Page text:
There are no facts in the building… so get the hell out and talk to customers
Steve Blank, Entrepreneur & Educator
It’s difficult to learn what customers really want and really value in order to gain competitive advantage or even simply to create products and services that customers will actually use and buy. Never before have we had more access to readily available information both inside and outside our companies. In fact, it would appear that we can do almost any amount of customer research from our desks. Any and all of the following can give us a wealth of data to identify patterns, needs and opportunities:
- Google trends
- Google keyword planner
- Government census data
- World Bank reports
- Third party research reports
- Social media analytics
- Customer Relationship System (CRM)
- Tracking customers on websites
- Internal data mining
So why would we need anything else?
Using available data sources should simply be a launch pad to getting started with customer insights. It is one piece in the puzzle of finding out real world patterns backed up by research that will help your proposition exceed above others. Whilst the information above is instantly available, it is static and may well be out of date or created for a different context or viewpoint from the one you need.
Therefore, existing data is only the starting point. To really understand the customer and how we can best meet their need, we actually need to go and talk to them!
The solution is to get out of the office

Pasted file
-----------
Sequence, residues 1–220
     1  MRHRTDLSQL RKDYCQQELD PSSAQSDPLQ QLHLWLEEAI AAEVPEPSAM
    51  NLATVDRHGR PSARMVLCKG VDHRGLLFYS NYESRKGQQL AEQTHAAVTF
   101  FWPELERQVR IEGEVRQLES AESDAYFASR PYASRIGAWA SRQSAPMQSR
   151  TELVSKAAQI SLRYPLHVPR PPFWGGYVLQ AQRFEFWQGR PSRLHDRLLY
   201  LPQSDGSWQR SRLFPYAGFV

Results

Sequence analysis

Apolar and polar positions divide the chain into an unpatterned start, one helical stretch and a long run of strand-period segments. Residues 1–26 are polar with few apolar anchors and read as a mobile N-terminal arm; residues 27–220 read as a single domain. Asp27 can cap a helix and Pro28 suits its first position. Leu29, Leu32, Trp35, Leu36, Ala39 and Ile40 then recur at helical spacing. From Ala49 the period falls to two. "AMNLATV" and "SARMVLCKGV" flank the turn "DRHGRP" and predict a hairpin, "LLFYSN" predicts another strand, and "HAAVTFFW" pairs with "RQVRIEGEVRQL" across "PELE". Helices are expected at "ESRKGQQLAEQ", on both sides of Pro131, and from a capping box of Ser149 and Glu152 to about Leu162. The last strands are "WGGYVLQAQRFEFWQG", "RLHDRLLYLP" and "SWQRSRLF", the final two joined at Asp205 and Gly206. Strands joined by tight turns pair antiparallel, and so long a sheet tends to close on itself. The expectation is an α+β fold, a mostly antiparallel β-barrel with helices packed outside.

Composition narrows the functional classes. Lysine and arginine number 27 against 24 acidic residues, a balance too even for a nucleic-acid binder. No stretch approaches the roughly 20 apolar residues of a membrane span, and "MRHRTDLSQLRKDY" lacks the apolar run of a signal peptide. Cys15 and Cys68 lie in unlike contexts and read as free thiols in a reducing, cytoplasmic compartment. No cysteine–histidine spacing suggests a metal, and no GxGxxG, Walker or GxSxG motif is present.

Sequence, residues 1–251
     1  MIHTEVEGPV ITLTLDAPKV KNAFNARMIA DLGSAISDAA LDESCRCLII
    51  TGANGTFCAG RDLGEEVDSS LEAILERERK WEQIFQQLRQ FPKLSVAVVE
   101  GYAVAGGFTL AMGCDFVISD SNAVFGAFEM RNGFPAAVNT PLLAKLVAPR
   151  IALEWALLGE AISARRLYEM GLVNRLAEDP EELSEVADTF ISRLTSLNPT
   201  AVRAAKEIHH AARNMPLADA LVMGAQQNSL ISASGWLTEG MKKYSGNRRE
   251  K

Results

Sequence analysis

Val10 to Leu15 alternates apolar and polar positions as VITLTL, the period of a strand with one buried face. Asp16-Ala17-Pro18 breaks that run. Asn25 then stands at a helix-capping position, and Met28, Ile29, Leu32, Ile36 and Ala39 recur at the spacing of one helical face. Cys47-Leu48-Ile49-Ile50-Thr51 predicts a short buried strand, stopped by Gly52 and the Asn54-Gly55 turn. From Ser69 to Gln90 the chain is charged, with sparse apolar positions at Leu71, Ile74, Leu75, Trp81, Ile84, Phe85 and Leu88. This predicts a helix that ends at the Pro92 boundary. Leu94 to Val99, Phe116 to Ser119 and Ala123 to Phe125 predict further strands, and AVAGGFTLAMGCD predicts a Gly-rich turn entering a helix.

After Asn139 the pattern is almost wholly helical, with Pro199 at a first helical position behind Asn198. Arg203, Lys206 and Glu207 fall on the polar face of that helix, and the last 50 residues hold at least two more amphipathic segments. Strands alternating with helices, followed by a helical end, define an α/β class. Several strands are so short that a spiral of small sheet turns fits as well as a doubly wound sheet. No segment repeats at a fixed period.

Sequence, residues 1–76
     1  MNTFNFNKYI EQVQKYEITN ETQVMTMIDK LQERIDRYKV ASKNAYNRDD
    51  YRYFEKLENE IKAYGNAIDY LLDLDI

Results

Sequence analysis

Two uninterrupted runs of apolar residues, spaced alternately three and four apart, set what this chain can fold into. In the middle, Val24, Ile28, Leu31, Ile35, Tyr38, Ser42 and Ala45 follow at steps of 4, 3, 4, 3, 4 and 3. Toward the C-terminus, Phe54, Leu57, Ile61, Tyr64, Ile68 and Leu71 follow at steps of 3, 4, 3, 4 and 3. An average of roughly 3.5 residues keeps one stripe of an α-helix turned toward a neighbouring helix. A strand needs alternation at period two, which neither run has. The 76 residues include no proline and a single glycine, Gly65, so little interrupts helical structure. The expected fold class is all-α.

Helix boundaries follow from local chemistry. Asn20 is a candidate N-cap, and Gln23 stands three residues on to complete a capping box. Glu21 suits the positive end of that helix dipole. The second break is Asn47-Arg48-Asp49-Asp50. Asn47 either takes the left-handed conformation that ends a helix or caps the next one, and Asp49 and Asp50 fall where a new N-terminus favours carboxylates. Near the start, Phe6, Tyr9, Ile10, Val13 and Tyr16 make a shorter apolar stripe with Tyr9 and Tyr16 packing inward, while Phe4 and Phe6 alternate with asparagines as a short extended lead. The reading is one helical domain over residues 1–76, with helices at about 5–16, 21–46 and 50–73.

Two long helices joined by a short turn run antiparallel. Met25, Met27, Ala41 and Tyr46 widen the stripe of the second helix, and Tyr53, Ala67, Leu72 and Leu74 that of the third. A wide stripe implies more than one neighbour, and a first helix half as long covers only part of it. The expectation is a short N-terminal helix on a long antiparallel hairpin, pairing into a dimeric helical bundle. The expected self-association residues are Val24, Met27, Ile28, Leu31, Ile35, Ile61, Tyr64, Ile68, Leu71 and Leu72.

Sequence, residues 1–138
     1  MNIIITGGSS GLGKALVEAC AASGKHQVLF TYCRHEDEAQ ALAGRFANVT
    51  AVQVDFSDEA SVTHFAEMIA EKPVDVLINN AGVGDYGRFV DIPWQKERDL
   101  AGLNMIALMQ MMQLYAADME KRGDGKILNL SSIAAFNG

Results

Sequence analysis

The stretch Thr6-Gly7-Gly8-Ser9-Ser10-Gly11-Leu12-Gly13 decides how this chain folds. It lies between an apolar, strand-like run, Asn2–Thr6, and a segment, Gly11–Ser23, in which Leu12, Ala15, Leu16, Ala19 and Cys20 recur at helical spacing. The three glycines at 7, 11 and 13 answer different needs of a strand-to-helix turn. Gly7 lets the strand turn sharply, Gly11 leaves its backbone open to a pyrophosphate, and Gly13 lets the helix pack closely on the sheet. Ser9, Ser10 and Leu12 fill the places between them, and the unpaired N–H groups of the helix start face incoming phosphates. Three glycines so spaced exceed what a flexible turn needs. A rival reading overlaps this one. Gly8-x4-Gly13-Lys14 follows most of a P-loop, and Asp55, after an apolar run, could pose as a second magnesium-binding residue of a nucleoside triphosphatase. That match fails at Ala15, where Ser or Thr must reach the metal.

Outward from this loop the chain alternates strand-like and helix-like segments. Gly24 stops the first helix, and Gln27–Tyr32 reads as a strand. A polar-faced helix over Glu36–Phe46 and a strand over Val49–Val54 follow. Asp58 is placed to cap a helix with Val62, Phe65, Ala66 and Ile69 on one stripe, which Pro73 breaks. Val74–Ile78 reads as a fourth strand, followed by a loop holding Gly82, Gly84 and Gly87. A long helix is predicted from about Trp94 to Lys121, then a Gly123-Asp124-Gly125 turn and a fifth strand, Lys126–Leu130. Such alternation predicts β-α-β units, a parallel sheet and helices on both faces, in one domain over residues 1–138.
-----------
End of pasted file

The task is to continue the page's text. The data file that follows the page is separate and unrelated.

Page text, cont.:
Jon Walbancke, Unilever Marketing Transformation Director UK, tells us that “99.9% of our insights and answers come from outside of the office. We really encourage people to be out, being curious, investigating the world.”
What are the other key methods to understand our customer and create a compelling competitive advantage?
The team at Strategyzer give us 6 techniques that can help explore your customers and gain better insights1:
Each technique is valid and useful to some extent on its own but if you really want to understand customers you have to have a mix of these techniques. Which techniques you use will depend on your business, your particular proposition and also your resources.
With the number one reason2 that innovations fail being no market need, it really is vital that you get out and talk to your customers. Find out what is really important to them and what is not! It may or may not be what you expected. It does not matter if you were right or wrong, what matters is that you start to understand more so that you can tailor your proposition better.
The trick is to learn faster and reduce risk by embracing failure. Testing ideas comes with failure. Yet failing cheaply and quickly leads to more learning which reduces risk. You will need to test, adapt, test, adapt until you have refined your idea sufficiently to create that competitive advantage.
This then needs to be repeated regularly. Keep talking, keep exploring, keep being curious about your customers, your market and how you can compete on what really matters to the people who hold the key to your success; your customers.
1 Value Proposition Design by Alex Osterwalder, Yves Pigneur, Greg Bernarda and Alan Smith published 2014
2 CB Insights 2014